Blame it on the rain

A week ago, Australia voted in a new government, and there are many theories going around as to why. Politicians and commentators are pointing to leadership issues with the Liberals, interest rate rises, the Tamar Pulp Mill, WorkChoices legislation and the Kyoto Agreement. Well, I’ve got another theory: it was due to water restrictions.

The the last twelve months leading up to the election on Saturday November 24, most states of Australia introduced legislation that made life of “working families” tougher, resulting in people needing to get up earlier to water their gardens, lawns dying off, and cars getting grubbier. Water is seen as an environmental issue, and the last Federal government was not seen as doing much about the environment. Hence, they got they axe. But let’s look at the data:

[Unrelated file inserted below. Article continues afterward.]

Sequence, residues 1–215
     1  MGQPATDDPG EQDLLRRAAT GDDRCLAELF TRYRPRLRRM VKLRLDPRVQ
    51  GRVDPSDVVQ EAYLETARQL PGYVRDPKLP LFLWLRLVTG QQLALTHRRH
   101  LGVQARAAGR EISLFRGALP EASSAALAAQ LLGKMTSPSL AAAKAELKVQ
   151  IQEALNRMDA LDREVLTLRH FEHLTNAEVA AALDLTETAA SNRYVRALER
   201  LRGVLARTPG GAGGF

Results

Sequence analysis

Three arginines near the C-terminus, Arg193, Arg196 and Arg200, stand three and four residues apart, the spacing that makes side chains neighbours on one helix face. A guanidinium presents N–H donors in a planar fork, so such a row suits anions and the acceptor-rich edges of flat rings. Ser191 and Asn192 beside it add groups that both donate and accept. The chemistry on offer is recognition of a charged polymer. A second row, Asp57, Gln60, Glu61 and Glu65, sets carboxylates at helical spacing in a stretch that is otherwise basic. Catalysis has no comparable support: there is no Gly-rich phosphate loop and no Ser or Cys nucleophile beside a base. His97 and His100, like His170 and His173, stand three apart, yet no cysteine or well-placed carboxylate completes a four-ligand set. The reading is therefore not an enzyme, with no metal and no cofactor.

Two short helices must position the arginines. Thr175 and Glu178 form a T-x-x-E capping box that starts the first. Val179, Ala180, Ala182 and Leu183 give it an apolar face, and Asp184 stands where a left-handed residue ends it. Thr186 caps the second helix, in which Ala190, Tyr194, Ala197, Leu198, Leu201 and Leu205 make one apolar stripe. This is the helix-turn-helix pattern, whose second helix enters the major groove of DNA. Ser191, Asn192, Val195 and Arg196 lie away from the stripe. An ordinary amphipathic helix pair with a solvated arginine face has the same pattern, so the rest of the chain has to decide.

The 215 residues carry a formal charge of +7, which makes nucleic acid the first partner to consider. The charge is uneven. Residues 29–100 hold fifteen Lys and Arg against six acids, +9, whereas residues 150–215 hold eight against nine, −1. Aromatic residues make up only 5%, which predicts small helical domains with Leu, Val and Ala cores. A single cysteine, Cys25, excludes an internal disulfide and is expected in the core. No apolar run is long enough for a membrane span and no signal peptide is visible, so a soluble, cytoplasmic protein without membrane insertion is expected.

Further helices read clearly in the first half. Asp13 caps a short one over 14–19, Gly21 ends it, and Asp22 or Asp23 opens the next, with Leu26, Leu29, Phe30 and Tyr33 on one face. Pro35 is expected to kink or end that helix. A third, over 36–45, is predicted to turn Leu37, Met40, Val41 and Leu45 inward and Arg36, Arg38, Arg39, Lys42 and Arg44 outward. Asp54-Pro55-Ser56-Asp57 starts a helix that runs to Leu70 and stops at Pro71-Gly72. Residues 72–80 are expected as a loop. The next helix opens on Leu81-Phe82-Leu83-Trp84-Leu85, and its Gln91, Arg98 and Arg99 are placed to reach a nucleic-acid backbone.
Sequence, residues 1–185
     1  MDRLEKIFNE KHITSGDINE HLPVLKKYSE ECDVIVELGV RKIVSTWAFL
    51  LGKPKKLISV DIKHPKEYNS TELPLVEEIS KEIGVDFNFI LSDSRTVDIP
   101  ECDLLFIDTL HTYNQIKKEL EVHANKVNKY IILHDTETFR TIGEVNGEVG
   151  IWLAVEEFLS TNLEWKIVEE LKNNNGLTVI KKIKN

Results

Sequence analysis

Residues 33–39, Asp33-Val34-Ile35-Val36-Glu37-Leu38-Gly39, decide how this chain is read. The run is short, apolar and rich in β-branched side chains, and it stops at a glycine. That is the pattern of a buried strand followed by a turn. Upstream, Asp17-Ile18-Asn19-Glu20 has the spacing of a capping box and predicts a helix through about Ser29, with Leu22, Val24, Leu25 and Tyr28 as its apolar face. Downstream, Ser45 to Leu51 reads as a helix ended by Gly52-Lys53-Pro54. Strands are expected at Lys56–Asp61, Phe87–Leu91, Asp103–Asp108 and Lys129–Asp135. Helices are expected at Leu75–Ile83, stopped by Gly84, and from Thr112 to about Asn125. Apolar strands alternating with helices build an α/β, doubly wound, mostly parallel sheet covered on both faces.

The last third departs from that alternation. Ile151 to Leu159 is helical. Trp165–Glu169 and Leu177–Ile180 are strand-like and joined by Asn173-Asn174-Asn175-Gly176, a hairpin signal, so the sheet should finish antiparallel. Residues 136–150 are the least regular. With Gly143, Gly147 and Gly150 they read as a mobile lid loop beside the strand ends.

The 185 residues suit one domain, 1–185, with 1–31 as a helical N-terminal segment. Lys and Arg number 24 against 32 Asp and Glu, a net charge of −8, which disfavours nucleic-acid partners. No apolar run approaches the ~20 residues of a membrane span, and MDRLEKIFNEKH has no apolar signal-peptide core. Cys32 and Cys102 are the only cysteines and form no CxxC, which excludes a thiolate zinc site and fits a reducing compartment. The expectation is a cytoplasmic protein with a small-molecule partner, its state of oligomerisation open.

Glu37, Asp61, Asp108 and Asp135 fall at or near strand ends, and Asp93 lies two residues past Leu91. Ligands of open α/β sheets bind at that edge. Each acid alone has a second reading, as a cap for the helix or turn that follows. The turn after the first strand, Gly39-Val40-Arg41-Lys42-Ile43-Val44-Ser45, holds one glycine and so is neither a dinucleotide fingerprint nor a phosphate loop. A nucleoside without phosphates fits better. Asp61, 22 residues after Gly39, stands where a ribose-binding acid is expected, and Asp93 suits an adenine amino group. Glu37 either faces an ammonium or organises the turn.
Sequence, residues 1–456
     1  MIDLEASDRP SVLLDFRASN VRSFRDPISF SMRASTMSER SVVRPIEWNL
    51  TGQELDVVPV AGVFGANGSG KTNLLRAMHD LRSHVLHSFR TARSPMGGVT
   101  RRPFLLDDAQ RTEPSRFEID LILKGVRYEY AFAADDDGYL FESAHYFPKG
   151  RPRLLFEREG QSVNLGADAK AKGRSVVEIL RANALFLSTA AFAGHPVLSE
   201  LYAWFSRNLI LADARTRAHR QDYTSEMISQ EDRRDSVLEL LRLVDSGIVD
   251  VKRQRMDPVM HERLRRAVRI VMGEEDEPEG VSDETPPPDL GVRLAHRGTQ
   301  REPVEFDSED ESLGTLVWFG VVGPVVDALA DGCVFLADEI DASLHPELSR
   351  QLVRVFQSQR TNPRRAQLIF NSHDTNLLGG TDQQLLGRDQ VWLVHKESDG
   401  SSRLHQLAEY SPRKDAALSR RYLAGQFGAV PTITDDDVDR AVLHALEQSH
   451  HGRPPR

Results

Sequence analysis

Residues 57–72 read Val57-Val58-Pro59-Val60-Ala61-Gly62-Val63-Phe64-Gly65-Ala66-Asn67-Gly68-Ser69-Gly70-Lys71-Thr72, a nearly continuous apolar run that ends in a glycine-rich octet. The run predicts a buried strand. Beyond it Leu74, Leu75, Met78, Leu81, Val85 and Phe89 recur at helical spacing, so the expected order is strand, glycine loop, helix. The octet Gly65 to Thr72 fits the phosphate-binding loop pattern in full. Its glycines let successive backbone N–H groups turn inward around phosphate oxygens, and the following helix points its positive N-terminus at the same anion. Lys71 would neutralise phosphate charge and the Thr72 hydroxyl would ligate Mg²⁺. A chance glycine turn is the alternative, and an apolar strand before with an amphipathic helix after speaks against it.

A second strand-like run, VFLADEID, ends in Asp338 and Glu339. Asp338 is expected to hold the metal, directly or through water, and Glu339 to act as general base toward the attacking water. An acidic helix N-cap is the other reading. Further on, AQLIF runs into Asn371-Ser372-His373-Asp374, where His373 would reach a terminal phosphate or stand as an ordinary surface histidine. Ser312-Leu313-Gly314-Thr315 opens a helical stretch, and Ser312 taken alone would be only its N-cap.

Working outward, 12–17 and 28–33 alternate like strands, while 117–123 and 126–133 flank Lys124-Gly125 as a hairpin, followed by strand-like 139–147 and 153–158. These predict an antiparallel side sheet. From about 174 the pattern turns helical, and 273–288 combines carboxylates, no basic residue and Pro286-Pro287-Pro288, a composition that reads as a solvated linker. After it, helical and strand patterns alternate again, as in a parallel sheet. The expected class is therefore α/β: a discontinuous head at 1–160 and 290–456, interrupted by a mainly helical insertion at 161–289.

City Water Restrictions Introduced When introduced Wash your own car? Water your lawn? Swing against Govt ***
Sydney Level 3 1 Jan 07 Bucket only Hand-held hose or bucket 5.7%
Melbourne Stage 3a 1 Apr 07 No No 5.5%
Brisbane Level 5 * 10 Apr 07 No No 6.4%
Perth unchanged (permanent) Yes Yes 1.7%
Adelaide Level 3 1 Jan 07 Bucket only Hand-held hose ** or bucket 5.8%
Hobart none removed 28 Feb 07 Yes Yes -0.4%
Canberra Stage 3 16 Dec 06 No No 2.0%

* – Brisbane upped their water restrictions to Level 6 the day before the election (November 23).
** – Adelaide allowed limited use of hand-held hose from October 1.
*** – Swing figures from The Age, Saturday December 1.

So, you can see that the two cities (Perth and Hobart) where water restrictions were unchanged, and in fact allowed watering of lawns with sprinklers and washing of cars with a hose, the swing against the Federal Liberal government was the lowest. Also, the city (Brisbane) with the harshest water restrictions, increasing them the day before the election, had the highest swing against the government.

I’d never suggest that elections are simple affairs, decided by a single issue, but this particular issue seems to have had a significant weight, and hasn’t yet received the full credit it deserves in the analysis.